term.structure.df$roll.var.diff.23[i],
                        term.structure.df$roll.var.diff.24[i],
                        term.structure.df$roll.var.diff.25[i],
                        term.structure.df$roll.var.diff.26[i],
                        term.structure.df$roll.var.diff.27[i],
                        term.structure.df$roll.var.diff.28[i],
                        term.structure.df$roll.var.diff.29[i],
                        term.structure.df$roll.var.diff.30[i]))
}

#Initialize list, pre allocate memory
results<-vector("list", length(variance))
hurst<-vector("list", length(variance))
library(RcppEigen)
i=1
for(i in 1:length(variance)){
  results[[i]]<-fastLm( log(lag.vec) ~ log(variance[[i]]), data=variance)
  hurst[[i]]<- coef(results[[i]])[2]/2
  ptm0 <- proc.time()
  Sys.sleep(0.1)
  ptm1=proc.time() - ptm0
  time=as.numeric(ptm1[3])
  cat('\n','Iteration',i,'took', time, "seconds to complete")
}

# Join results to data frame
hurst <- do.call(rbind, hurst)
hurst.df <- as.data.frame(hurst)
hurst.df <- data.frame(hurst.df,Date=term.structure.df$Date)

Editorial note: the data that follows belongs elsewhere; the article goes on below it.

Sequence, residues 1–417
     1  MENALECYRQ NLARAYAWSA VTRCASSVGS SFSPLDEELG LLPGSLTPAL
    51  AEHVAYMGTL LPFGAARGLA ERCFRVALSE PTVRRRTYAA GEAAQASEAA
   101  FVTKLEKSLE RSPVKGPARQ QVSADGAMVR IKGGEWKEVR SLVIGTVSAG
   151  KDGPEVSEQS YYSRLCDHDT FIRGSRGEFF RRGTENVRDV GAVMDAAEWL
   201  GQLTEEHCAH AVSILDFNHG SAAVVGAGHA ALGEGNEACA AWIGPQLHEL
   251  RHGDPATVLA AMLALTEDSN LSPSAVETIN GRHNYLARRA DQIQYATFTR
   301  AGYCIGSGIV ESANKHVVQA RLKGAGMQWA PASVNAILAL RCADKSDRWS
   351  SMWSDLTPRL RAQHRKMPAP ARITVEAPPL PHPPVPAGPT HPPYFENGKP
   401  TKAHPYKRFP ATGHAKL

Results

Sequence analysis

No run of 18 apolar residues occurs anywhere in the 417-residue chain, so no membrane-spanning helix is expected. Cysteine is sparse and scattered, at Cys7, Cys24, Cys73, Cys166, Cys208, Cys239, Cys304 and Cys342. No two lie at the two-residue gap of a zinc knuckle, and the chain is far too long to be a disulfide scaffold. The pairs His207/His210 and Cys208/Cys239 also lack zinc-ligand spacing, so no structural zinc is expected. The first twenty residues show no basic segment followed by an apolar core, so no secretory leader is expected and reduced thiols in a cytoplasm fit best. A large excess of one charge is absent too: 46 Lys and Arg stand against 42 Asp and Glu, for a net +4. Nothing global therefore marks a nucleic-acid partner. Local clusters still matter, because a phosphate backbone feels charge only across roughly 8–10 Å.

colnames(hurst.df)[1] <- "Hurst"
hurst.df <- subset(hurst.df, Date >= as.POSIXct("2008-04-28") ) # subset data remove leading NA VXX only
# Plot Data
ggplot() +
  geom_line(data=hurst.df ,aes(x=Date,y=Hurst), colour="black") +
  theme_classic()+
  scale_y_continuous(breaks = round(seq(min(hurst.df$Hurst), max(hurst.df$Hurst), by = 0.2),2))+
  scale_x_date(breaks = date_breaks("years"), labels = date_format("%Y"))+
  ggtitle("VXX Hurst Exponent - Daily Bars - Lags 2:30", subtitle = "Regression log(variances) ~ log(time_lags) - Hurst = Coef/2") +
  labs(x="Date",y="Hurst")+
  theme(plot.title = element_text(hjust=0.5),plot.subtitle =element_text(hjust=0.5))+
  #geom_hline(yintercept = 0.5, color = "red", size=0.5,linetype="dashed")+
  geom_rect(aes(xmin=as.Date(head(hurst.df$Date,1)),xmax=as.Date(Inf),ymin=0.5,ymax=Inf),alpha=0.1,fill="green")+
  geom_rect(aes(xmin=as.Date(head(hurst.df$Date,1)),xmax=as.Date(Inf),ymin=-Inf,ymax=0.5),alpha=0.1,fill="orange")+
  geom_rect(aes(xmin=as.Date(head(hurst.df$Date,1)),xmax=as.Date(Inf),ymin=0.48,ymax=0.52),alpha=.7,fill="red")

The output:

Rplot140
Random Walk Band = Red Between .48 and .52. Momentum = Green > 0.52. Mean Reversion = Red < .48.
Rplot142
Random Walk Band = Red Between .48 and .52. Momentum = Green > 0.52. Mean Reversion = Red < .48.

This is for lagged differences of 2 to 30 days. A rolling variance of 100 days. We chose the smaller lagged differences as the strategies going forward will likely hold no longer than 30 days so it makes sense to see the nature of the series on this time period.